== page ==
The United Airlines is said to be the oldest airline to the Varney Air Lines air mail service in the United States which began its first commercial airline air mail services in 1926. It was founded by Walter Varney in Boise, Idaho. On its first commercial air mail flight, the swallow biplane flew from its headquarters in Boise, Idaho to a railroad mail hub located in Pasco and returned on the day after with 200 pounds of mail. The April 6, 1926 is regarded as the day when the united airlines company flew an airline service that operated on fixed routes as well as fixed schedules and it is the first in the United States (Fleming 1).
On the other hand, the Continental Airlines was also founded by Walter Varney. However, it started as Varney Speed Lines in 1934 and they ran airmail and passenger services. It changed its name later in 1937 to Continental Airlines and it has been operating since then until 2011. It started its operations with the Lockheed Vega and changed to Lockheed 9 Orion and finally to Lockheed Ectra Junior and Lockheed Lodestar (Airlines and Airliners Para. 2).
The continental airlines and the united airlines merged in 2011 with an agreement of $3 billion merger. The intention of merging the two airline companies was to make the world’s biggest airline. The combined airline will operate domestically in Los Angeles, New York and Chicago and also extend its network to Asia, Europe and Latin America. However, their main aim of merging is to fend off low-cost rivals such as Southwest Airlines and JetBlue Airlines. In addition, the intention is also to tackle foreign carriers abroad. No longer will the two companies compete for same routes but they will work as one. This is advantageous in the sense that they will save money and give the travellers few options. With these strategies in place, the companies will be able to meet the financial requirements for their operations and avoid debts as well as bankruptcy (Mouawad and Merced Para. 4).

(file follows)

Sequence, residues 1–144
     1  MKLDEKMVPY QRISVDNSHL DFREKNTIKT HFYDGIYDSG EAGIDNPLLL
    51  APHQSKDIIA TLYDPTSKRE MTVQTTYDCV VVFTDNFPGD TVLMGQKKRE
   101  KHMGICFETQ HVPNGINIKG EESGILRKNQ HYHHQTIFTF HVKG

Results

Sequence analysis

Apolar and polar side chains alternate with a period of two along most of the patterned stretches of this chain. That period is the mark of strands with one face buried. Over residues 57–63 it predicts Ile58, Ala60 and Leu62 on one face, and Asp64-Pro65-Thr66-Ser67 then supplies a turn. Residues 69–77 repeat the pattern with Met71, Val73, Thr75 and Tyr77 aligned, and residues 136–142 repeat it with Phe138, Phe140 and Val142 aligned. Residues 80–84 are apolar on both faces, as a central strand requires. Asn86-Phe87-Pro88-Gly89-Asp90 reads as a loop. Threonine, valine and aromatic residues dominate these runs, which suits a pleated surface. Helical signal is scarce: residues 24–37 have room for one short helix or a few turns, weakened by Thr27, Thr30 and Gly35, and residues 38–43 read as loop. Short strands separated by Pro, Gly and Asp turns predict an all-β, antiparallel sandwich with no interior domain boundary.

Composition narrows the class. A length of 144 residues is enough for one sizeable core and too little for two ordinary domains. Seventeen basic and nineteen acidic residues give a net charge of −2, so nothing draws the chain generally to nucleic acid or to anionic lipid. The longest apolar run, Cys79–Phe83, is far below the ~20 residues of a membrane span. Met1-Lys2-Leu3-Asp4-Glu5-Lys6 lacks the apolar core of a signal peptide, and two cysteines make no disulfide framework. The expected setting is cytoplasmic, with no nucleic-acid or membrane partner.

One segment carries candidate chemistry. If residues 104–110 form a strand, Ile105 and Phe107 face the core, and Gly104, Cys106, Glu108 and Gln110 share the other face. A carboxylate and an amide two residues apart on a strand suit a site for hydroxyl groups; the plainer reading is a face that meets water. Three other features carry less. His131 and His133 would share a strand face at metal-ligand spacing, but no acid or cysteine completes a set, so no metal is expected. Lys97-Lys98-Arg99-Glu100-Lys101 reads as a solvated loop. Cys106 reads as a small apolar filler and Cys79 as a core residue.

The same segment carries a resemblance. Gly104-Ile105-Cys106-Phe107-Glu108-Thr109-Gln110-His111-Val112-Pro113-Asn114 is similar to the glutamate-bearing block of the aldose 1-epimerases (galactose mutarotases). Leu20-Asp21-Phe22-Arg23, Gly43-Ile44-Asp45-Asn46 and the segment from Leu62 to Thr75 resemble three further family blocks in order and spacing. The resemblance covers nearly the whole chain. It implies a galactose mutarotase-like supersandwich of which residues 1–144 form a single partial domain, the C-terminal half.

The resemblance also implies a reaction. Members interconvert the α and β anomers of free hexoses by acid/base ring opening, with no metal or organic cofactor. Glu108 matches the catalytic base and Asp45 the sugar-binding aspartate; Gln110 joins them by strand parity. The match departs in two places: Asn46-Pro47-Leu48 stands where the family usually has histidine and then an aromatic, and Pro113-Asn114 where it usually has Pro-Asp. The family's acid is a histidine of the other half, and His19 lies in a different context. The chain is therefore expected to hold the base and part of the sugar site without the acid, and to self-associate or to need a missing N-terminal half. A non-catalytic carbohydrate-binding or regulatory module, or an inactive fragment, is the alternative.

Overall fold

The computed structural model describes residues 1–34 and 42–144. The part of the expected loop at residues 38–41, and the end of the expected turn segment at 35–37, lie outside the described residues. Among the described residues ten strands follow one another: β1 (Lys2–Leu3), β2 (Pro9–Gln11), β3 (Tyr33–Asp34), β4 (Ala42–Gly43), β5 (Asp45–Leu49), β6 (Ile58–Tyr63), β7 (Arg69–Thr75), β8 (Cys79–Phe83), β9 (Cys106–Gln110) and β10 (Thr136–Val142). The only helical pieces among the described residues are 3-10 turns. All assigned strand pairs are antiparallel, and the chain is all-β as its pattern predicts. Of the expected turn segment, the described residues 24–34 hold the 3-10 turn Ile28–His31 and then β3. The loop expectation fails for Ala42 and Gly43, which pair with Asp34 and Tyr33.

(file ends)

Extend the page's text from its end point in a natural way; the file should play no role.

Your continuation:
Some of the advantages for the two airline merger include reduction of competition for the same routes hence saving money or reducing expenditure. Also, there will not be too many seats since they are likely to reduce them. Too many seats led to companies making loses instead of profits. Besides, the merged company will have more leverage. On the contrary, some of the disadvantages are that there will be fewer choices for consumers and the prices are likely to increase. The consumers will also have less demand with the fending off of other low cost airlines (Clark Para. 3).
The United’s merger market strategy is to counter the reported filing of bankruptcy cases of major airlines in the United States which includes United Airlines itself. It will achieve its goal through fending off the other low cost airlines locally and internationally. Competition for routes will reduce and customers will have fewer travel options. They will then have to use the merged airline for traveling at a higher price which will help the company meet the high fuel costs and other operational costs. The united is said to be strong in the western part of the United States with flights to Asia and across the pacific, whereas, continental takes over the eastern and southern states as well as flights to Latin America hence their merging is beneficial for both (Thompson Para. 5).
Airlines and Airliners. Continental Airlines, n.d. Accessed on 5 February 2013 < http://www.century-of-flight.net/Aviation%20history/coming%20of%20age/usairlines/Continental%20Airlines.htm>
Clark, Andrew. United and Continental merge to create world’s biggest airline, 2010. Accessed on 5 February 2013
Fleming, Susan. Airline Mergers: Issues Raised by the Proposed Merger of United and Continental Airlines: Congressional Testimony. Diane Publishing, 2010. Print.
Mouawad, Jad and Michael J. De La Merced. United and Continental Said to Agree to Merge, 2010. Accessed on 5 February 2013 < http://www.nytimes.com/2010/05/03/business/03merger.html?_r=0>
Thompson, Ben. Will United’s merger fly? Accessed on 5 February 2013 < http://www.busmanagement.com/article/Will-Uniteds-merger-fly/>